Worksheet: Re-evaluating Coping Behaviour Copyright © Donald Robertson, 2012.  All rights reserved. These questions are designed to help you re-evaluate and perhaps challenge your existing ways of coping when anxious, or dealing with similar problems.  Feel free to skip questions … Continue reading → The post Worksheet: Re-evaluating Coping Behaviour appeare
    Solutions: London Cognitive-Behavioural Therapy (CBT)
  • CBT for Intolerance of Uncertainty and Chronic Worry June 18, 2012
    Recent advances in the cognitive therapy of generalised anxiety disorder have focused on the role "intolerance of uncertainty" plays in triggering and maintaining chronic worry, this article provides a brief outline of the approach. The post CBT for Intolerance of Uncertainty and Chronic Worry appeared first on Cognitive-Behavioural Therapy in Lond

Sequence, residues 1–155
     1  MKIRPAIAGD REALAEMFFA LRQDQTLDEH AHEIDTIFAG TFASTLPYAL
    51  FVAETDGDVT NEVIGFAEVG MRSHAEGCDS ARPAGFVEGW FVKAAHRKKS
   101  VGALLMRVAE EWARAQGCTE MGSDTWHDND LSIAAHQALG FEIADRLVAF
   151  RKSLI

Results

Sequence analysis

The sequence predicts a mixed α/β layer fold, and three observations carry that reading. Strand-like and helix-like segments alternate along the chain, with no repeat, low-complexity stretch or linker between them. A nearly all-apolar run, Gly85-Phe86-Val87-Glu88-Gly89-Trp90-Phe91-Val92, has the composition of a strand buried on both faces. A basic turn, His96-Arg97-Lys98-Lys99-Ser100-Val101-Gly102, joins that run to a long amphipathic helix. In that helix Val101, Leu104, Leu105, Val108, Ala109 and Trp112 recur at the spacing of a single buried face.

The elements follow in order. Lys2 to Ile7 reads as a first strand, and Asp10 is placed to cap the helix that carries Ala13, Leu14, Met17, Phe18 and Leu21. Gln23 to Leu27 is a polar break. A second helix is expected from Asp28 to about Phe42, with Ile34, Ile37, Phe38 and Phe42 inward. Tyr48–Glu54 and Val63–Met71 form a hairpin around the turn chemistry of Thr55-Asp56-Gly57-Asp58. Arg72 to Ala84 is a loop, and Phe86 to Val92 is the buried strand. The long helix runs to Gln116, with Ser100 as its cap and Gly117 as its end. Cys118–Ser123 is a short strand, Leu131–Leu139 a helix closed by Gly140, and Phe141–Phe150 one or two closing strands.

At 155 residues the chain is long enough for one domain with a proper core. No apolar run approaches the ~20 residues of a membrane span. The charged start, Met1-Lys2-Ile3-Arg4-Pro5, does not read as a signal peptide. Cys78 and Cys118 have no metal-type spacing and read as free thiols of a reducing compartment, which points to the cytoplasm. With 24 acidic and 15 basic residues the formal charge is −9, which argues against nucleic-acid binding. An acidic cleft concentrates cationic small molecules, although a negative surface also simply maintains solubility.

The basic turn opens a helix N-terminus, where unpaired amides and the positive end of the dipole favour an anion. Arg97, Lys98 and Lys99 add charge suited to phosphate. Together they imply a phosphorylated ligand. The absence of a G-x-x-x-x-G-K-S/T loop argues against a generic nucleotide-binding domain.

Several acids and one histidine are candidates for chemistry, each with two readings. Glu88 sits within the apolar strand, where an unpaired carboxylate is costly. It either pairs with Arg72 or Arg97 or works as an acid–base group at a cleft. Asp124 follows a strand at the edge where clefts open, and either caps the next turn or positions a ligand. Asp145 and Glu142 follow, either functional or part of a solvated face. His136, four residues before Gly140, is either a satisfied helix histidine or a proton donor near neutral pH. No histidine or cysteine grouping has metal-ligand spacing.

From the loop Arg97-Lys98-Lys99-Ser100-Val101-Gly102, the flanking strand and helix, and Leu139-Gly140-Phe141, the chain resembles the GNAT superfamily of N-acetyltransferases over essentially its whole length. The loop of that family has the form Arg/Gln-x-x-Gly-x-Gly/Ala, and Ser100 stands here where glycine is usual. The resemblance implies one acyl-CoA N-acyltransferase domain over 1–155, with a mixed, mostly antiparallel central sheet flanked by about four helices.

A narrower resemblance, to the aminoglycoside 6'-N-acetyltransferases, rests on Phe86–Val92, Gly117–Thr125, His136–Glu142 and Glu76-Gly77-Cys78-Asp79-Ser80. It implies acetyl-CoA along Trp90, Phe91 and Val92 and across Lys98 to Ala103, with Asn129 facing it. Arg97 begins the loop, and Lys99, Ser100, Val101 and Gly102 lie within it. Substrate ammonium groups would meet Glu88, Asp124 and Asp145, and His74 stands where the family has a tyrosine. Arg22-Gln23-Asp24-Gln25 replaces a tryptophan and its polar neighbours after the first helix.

Solutions: London Cognitive-Behavioural Therapy (CBT)
  • Stoicism and CBT May 13, 2012
    These are my notes from a recent talk given as part of a panel speaking to the London Philosophy Club, on the philosophical origins of Cognitive-Behavioural Therapy (CBT). The post Stoicism and CBT appeared first on Cognitive-Behavioural Therapy in London.
    Solutions: London Cognitive-Behavioural Therapy (CBT)
  • Four Books by Donald Robertson May 3, 2012
    Brief description of four recent books by Donald Robertson on hypnosis, CBT, and philosophy. The post Four Books by Donald Robertson appeared first on Cognitive-Behavioural Therapy in London.
    Solutions: London Cognitive-Behavioural Therapy (CBT)
  • Stoic Philosophy & Resilience-Building April 12, 2012